Days on the
|A thermal pool in Rotorua.
January 5, 2007
Watch out New Zealand…here we come!
The first thing we did this morning was pick up our new little baby this morning – a silver Nissan Pulsar. All four cylinders of it.
Ahhhh, yeah! It was soon time for me and Jim to take to the open roads.
Before I continue, I have to say what a truly pleasurable experience renting this car was. The guy at Drive NZ rental cars could
not have been nicer. He mapped out the routes that he recommended would be the most scenic and also the things that he
thought we should do with our time. There was no pressure to buy insurance as he told us the car was fully insured. The most
we would be responsible for was the $1000 NZ deductible if we were at fault for something. Not bad at all!
And then we were on our way…
First stop: The Zorb.
I was the only one who partook in this. Jim did it last time and highly encouraged it. I went for it. After all, how often can a
person roll down a zig-zagging hill in a huge plastic ball filled with cold water? And it is so deceiving to watch people doing it as
it looks nothing at all like how it feels. All I could do was laugh – even as it felt like I was going to roll off of the edges of the
course. Definitely a great experience!
Within minutes we were in Rotorua. This is a city known for its thermal areas. We went to one called Waiotapu. We thought we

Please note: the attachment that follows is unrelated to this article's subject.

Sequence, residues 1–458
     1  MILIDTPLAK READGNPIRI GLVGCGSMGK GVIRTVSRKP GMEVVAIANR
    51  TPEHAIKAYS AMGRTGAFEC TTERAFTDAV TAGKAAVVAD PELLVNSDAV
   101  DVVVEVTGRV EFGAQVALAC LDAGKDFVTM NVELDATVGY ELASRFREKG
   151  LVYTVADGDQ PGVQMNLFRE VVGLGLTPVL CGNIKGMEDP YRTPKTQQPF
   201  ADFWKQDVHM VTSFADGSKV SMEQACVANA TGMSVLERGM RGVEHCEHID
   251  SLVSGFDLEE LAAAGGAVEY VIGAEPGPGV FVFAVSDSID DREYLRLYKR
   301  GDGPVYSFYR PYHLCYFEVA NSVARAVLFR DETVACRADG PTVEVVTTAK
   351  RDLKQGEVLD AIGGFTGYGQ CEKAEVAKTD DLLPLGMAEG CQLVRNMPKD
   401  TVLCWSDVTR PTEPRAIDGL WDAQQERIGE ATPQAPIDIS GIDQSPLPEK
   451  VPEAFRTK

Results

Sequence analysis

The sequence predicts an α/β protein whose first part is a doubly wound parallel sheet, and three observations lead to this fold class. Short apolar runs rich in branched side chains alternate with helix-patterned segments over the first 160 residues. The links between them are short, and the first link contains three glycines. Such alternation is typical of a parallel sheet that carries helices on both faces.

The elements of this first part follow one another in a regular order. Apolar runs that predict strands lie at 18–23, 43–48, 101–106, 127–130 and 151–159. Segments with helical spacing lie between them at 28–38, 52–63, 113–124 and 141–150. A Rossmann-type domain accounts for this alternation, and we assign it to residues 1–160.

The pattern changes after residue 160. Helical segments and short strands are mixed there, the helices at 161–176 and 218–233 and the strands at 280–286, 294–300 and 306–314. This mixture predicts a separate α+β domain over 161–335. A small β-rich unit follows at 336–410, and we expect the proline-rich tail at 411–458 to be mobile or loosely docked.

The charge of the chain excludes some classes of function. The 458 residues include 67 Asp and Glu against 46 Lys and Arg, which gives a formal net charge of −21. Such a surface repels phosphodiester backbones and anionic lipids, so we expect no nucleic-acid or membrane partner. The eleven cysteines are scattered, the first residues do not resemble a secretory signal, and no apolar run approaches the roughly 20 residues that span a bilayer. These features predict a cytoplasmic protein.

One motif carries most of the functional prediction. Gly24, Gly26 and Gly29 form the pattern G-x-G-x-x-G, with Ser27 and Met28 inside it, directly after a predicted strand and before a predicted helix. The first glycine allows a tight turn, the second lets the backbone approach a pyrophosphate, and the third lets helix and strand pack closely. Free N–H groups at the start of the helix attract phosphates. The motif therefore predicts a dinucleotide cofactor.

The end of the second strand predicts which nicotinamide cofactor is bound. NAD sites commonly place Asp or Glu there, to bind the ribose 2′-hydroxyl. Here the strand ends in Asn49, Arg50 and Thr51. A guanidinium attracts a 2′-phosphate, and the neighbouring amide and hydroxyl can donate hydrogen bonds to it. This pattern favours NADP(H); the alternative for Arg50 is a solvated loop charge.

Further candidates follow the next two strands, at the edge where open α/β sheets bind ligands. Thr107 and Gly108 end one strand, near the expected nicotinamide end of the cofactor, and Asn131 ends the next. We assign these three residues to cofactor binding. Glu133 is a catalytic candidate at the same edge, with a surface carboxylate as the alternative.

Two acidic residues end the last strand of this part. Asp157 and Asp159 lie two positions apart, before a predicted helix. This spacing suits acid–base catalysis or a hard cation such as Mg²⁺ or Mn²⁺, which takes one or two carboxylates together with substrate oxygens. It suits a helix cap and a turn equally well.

were going to be able to plunge into the pools. But we were wrong. There were a few walking trails where you saw a range of
different colors created by the natural phenomena of the thermal waters. There was a ‘demon’s pool’ was a bright neon green
color. It looked like the gunk that they used to slime people with in Double Dare. At least that was what I thought. Kat’s
description was that it looked like the slime from Ghostbusters. There were sulphur pools galore that provided us with an odor
that was equivalent to a vat of thousands of boiled eggs. Mmmm, what a smell! The pool that provided the greatest whiff was
the Champagne Pool which was somewhat of a smelly egg steam bath. This pool has water that is well beyond boiling hundreds
of meters into the ground. I’m not sure of the science behind it all but the colors of the creation range from a deep blue/green
to a bright orangy-red to a pale cream/eggshell color. Quite cool.
Once we headed out on the road towards Taupo it was my turn to get behind the wheel. I had the utmost confidence in my
skills…even if the other two passengers in the car looked to be a bit concerned. Kat’s other concern was the fact that I hadn’t
even been behind a wheel of any car for over eight months. Valid concern. But I proved myself and my left-side-of-the-road-
driving skills (even if there are many trees that are missing a few leaves now – how was I supposed to know I was so close to
the side of the road on the left-hand side of the car???).
Oh yeah. I also have a bit of sad news to report. There is now one less bird in the world thanks to my driving. Really, it had
more to do with the bird’s stupidity as he flew right into the front bumper area of the car. I now see where the term ‘bird
brain’ comes from…
We learned that finding a room for three people in Taupo is not the easiest task. We went from place to place only to find that
two motels had rooms left. One was $350 for the night – so that was automatically out. The other was $160. That was far
beyond my budget so I was going to find a bed in a dorm at a hostel but Jim told me he would subsidize a portion of my cost for
the motel room. I felt guilty about this as I had no problem at all crashing in a dorm…but he and Kat thought it would be easier